According to the United Nations, the world population will reach 7 billion people this week. No one really knows the exact date, but the announcement has sparked a round of commentary, most of it pessimistic. The doubling of the world’s population over the past 50 years is the most rapid in history. Demographers expect another 3 billion at least before global population finally peaks early in the next century and begins a gradual decline. Can we make it until then? Or will our overburdened spaceship earth suffer environmental collapse?
Population growth poses real challenges for environmental policy. The more people, the more important it is to get things right in the relationship between people and the planet. At least three issues require even closer attention as the population grows than they would with a constant population.
The first is pollution, both local and global. If world population is going to increase another 50 percent before it peaks, pollution per person will have to decrease by at least a third just to keep total pollution from getting worse.
Achieving the needed decrease will be a challenge, but it need not be an insurmountable one. Consider CO2. For some time there has been a global downward trend of about 2 percent per year in CO2 emissions per dollar of GDP. That downward trend provides a basis for hope, but it will have to accelerate in order for total emissions to fall while still allowing room for rising standards of living. There does not appear to be any technical reason why that would be impossible. After all, even with today’s technologies, emissions per capita in Japan and Norway are only half as high as in the United States, and they are only a third as high in France and New Zealand. If all countries cut CO2 output by the difference between the U.S. rate and the New Zealand rate, total world carbon emissions could fall by half even while world population grew to 10 billion people.
What we need to make this happen is better policy that imposes the full costs of pollution on the polluters themselves through higher prices, both at the producer and the consumer level. The tools are well known: Pollution taxes, cap and trade, better protection of the property rights of pollution victims. Rather than argue endlessly about which is best, we need to get on with one or another of them, or a shamelessly eclectic combination of all three.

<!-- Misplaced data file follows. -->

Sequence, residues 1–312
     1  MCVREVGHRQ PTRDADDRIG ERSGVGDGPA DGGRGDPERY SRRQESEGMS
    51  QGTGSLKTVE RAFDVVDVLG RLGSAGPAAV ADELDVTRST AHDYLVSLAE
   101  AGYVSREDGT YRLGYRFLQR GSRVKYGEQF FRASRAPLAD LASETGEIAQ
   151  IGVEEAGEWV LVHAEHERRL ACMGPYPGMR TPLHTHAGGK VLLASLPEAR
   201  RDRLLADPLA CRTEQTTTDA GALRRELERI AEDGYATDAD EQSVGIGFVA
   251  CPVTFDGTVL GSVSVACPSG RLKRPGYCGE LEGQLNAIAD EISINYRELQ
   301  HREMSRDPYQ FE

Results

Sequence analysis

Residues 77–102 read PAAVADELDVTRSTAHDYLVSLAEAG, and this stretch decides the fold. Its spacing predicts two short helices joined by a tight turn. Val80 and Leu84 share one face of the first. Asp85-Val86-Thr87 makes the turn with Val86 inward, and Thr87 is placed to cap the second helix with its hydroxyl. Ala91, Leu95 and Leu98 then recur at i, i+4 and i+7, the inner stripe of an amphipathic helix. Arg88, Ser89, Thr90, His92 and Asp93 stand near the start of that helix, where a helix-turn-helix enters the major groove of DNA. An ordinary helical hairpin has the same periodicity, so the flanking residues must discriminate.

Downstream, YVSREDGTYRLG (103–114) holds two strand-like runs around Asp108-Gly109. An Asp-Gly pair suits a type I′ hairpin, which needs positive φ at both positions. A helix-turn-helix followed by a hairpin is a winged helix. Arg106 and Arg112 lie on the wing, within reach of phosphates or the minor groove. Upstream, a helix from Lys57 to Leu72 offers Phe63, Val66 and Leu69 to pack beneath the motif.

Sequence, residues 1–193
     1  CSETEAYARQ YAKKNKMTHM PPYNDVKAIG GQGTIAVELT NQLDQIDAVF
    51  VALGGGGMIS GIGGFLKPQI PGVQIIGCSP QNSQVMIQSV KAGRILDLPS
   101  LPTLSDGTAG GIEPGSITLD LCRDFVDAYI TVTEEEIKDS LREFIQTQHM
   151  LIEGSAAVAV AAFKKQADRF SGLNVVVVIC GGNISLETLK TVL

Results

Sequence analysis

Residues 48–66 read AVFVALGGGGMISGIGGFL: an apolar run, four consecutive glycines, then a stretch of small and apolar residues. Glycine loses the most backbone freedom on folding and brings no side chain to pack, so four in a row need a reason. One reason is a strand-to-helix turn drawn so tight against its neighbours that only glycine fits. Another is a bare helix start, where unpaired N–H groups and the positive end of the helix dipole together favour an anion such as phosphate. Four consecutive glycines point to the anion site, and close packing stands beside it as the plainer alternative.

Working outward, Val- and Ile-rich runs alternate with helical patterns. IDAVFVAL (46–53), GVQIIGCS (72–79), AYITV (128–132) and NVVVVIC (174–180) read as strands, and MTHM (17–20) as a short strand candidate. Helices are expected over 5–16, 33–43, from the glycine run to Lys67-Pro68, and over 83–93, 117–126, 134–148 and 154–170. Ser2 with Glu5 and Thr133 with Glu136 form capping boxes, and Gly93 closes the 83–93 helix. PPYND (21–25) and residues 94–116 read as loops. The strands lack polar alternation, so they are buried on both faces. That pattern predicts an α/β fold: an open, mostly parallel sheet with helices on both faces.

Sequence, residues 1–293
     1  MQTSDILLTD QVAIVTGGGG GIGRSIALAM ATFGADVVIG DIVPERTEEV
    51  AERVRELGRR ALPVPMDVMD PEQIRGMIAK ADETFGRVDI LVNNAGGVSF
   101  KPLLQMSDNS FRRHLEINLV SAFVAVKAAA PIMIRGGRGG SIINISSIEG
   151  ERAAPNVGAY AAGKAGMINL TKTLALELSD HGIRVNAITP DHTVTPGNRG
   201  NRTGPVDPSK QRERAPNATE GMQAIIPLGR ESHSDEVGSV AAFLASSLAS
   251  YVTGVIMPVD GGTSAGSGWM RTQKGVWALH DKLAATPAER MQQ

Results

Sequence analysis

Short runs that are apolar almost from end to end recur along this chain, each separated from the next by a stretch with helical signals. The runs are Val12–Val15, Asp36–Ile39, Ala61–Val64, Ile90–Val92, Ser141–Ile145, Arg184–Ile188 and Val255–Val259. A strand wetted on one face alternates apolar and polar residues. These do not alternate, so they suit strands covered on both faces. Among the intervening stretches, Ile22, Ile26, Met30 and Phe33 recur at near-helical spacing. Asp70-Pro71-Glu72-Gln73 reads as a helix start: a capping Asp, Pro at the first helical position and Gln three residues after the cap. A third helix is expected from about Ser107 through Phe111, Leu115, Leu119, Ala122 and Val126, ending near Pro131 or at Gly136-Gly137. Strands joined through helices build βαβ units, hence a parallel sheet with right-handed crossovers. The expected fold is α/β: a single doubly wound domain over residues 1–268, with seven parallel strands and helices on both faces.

Nonrenewable resources are a second problem that will need closer attention as population grows. We can look at nonrenewable resources as a bridge from a low-tech past, with short lifespans, high infant mortality, and a low standard of living, to a future with a higher quality of life based on sustainable technology. Since energy and mineral deposits of any given quality are finite, more rapid population growth means that we must be that much more careful to make the best use of this resource bridge.
Doing so will require policies that encourage efficient use. Today, instead, resources are too often used wastefully, especially when governments encourage rapid development without placing the full costs of depletion, and of pollution associated with extraction, on the developers.
Management of local and global commons is the third problem that needs extra attention as population grows. Local commons include things like public parks and local groundwater reservoirs. Global commons include, most importantly, the world’s atmosphere and oceans.
More than 300 years ago, John Locke proposed that people have a right to take what they want from the commons only to the extent that in doing so, they leave as much and as good for others. That works well when the demand for use of the commons is low. However, as population increases, there are fewer commons from which people can take what they need and still leave enough for others.
When pressure on common resources reaches the tipping point, unrestricted access becomes inconsistent with efficient use. Pastures are overgrazed, aquifers are pumped dry, fish stocks are depleted to the point of extinction. Then one of two solutions to the problem of overuse needs to come into play.